The Big Takeaway
The point of the previous post is that the use of programming languages wasn’t a planned choice or an intentional selection of the best possible option; we just sort of grew into them.
The “hot” technology in the 1700’s were the punched cards used to control Jacquard Looms in the textile mills. The sequential nature of weaving was similar enough to mechanically calculating numerical results that the cards made a good enough solution. A pre-existing technology was adopted and modified instead of methodically analyzing the requirements and defining a best solution.
Similarly, the use of numeric computer instructions led to the adoption of human-language abbreviations to stand for the numeric operations to be performed by the computer programs. This worked well enough that pre-existing human language was adopted and modified to describe the sequence of events to be performed in computer programs.
Our use of human languages for programming languages was a huge improvement initially and has generally been successful since it was first introduced. One line of programming code could generate many machine instructions, significantly multiplying the volume that a developer could write in a single day.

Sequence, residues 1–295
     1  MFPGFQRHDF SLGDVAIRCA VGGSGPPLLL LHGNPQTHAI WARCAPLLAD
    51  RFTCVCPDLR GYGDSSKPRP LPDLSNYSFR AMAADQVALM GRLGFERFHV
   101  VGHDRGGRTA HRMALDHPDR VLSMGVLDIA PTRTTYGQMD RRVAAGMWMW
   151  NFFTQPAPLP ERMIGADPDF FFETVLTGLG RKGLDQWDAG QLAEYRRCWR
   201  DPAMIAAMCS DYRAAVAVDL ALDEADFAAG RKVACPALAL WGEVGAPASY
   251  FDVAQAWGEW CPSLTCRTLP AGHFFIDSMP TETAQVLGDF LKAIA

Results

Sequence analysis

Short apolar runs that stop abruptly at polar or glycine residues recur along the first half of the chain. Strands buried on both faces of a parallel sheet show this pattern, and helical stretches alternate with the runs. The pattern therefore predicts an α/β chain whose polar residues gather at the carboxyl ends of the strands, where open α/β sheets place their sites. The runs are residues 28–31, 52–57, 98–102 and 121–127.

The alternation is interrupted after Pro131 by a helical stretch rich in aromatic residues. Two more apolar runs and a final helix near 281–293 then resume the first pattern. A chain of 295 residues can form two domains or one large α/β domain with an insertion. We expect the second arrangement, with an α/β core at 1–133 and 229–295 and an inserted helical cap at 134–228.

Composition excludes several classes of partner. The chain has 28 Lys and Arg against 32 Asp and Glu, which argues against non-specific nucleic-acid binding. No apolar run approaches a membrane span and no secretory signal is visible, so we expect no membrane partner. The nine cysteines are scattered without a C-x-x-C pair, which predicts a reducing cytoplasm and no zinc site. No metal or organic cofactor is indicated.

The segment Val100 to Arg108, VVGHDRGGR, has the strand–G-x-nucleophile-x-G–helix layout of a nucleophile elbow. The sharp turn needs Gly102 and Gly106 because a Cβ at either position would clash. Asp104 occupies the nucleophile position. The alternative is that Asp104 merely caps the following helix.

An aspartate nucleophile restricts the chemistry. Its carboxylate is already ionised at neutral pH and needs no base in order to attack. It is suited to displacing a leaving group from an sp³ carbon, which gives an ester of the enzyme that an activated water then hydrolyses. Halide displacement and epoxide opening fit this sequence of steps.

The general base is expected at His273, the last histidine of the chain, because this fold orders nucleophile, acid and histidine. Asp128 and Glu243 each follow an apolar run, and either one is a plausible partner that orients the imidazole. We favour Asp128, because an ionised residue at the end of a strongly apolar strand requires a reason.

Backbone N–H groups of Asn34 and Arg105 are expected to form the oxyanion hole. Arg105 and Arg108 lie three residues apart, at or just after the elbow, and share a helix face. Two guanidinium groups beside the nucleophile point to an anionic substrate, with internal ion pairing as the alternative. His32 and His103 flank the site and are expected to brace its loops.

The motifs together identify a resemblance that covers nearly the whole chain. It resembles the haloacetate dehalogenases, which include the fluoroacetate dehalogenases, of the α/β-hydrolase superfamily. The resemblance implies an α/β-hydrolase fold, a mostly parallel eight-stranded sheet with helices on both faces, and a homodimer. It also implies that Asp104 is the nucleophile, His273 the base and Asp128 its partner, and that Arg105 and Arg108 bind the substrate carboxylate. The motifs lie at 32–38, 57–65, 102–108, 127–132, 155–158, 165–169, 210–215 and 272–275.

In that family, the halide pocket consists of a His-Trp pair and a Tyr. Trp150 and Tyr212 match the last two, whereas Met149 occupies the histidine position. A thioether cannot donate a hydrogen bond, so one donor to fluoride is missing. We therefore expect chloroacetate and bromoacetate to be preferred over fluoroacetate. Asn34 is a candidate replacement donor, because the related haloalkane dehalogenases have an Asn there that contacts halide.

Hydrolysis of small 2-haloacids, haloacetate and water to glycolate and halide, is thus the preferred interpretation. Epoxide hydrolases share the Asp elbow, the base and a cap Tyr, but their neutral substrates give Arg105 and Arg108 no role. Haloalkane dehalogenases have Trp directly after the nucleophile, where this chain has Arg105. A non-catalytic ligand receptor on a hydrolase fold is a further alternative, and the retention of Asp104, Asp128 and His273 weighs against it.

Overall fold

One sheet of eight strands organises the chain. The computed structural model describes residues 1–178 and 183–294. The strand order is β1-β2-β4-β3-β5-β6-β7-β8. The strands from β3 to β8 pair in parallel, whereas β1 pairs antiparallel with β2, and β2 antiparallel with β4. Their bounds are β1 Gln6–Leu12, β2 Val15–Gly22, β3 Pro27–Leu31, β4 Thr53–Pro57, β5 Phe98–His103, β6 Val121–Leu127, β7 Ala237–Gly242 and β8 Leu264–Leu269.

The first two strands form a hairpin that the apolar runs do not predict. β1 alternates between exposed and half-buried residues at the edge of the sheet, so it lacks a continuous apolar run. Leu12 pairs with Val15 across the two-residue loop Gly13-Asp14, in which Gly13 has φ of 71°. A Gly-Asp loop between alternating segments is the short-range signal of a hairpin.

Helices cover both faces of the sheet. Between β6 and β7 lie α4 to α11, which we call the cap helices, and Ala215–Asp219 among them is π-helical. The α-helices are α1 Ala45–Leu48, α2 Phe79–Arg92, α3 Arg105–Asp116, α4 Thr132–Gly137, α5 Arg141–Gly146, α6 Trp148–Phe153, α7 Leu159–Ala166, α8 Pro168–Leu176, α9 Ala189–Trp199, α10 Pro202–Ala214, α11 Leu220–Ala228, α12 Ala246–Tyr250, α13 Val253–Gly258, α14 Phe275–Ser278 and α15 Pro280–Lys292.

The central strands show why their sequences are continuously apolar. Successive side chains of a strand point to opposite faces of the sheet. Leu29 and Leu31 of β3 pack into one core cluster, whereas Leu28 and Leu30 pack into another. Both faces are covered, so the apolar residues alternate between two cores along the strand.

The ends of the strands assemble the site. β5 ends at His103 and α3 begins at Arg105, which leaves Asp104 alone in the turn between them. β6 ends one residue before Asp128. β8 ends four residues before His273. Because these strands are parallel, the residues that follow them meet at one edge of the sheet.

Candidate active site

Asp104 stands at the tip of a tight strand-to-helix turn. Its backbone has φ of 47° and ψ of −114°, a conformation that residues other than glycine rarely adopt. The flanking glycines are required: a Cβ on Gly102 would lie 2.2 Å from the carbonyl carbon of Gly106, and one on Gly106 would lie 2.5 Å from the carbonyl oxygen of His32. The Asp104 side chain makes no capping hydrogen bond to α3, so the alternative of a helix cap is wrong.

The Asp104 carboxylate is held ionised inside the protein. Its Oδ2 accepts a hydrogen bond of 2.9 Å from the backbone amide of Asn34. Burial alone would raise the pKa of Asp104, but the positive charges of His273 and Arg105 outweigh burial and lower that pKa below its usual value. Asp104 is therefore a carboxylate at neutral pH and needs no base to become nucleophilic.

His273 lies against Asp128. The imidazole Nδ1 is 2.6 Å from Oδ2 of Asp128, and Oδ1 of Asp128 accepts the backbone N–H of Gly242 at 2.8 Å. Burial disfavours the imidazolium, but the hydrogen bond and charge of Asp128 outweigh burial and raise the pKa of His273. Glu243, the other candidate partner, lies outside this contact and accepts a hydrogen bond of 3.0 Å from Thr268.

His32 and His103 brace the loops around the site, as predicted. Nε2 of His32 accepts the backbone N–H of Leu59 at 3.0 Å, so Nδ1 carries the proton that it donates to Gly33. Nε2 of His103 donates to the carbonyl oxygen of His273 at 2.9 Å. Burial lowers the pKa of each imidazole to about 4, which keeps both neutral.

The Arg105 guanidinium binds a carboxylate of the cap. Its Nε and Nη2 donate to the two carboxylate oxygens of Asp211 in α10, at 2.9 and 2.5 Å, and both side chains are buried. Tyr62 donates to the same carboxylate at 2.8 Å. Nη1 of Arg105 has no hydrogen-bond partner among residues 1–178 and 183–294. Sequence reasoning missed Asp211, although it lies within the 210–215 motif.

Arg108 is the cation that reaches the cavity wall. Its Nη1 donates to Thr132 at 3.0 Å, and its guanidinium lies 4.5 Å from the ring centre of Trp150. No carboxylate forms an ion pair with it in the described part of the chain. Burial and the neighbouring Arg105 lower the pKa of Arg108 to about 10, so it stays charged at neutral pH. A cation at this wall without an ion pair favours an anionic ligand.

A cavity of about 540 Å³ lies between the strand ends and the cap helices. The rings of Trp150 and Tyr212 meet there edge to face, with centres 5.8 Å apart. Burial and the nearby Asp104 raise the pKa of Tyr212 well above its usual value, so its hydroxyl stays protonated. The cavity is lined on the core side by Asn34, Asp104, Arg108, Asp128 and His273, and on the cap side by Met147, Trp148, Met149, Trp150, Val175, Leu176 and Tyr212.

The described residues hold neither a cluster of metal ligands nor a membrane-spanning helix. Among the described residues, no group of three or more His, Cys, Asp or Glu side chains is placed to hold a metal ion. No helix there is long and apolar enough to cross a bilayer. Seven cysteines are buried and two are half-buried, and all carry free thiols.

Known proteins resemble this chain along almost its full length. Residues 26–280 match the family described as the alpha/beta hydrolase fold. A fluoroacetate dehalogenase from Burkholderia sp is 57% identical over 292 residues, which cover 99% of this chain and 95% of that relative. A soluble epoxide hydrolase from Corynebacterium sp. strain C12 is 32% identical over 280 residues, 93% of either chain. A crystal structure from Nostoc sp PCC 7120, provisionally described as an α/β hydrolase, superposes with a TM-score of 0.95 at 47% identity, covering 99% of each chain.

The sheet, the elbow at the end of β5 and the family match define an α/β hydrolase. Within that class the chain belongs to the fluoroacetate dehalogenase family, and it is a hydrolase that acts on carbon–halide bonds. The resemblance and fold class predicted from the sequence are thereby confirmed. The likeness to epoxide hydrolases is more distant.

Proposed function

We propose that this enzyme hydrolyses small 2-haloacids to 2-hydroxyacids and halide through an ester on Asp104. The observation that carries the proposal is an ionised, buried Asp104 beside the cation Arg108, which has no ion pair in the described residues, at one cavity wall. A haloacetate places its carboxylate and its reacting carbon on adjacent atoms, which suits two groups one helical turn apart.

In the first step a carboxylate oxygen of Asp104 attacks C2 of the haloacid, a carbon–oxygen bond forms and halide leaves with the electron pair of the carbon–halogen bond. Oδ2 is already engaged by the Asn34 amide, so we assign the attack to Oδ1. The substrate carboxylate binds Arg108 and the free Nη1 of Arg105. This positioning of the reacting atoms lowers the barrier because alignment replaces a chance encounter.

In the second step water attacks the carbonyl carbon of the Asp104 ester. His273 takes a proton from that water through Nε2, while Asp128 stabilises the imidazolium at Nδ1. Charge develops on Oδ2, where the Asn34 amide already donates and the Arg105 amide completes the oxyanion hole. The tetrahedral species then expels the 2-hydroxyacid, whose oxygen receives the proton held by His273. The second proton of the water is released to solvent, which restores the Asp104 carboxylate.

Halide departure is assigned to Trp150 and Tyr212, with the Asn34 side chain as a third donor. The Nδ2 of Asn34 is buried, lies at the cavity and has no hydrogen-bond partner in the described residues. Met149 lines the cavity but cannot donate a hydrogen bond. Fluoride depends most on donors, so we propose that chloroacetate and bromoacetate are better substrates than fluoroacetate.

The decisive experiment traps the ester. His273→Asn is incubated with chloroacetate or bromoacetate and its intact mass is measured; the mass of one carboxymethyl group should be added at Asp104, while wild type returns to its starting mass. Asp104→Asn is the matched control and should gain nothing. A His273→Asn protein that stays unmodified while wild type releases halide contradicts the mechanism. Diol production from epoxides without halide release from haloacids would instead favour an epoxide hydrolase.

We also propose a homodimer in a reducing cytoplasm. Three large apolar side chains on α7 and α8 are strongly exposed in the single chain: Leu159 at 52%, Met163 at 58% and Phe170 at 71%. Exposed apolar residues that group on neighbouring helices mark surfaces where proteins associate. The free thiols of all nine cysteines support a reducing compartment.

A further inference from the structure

But the earliest languages tended to be either too cryptic or too verbose. They also had the side-effect of encouraging developers to try larger and more ambitious projects. Reaching the practical limits of the earliest languages, new and more ambitious programming languages were developed to overcome these limitations.
And as our programs grew, our ambitions grew even larger, requiring new languages with newer features grafted on. Careful work has to be done adding these new features so they don’t “step on” existing functionality of the existing language. Ideas in one language are propagated into other languages until we now have a massive sea of roiling languages.
And yet, with all the combinations and permutations and possible approaches that have been tried with the hundreds of programming languages now available, we still have the problems that we had in the beginning:
- most development projects are either late or take longer to develop than was originally estimated. Some take so long that they end up being canceled
- most programs spend as much time being tested and debugged as it took to originally code them
- most programs require as much time for support (fixes, changes, updates, etc) during their lifetime of use as it took to originally code and debug the program
It seems likely that if changing the programming language was going to work, it would have worked by now.
Perhaps what we should have learned from programming languages is that sometimes a “good enough” solution isn’t the right long-term solution.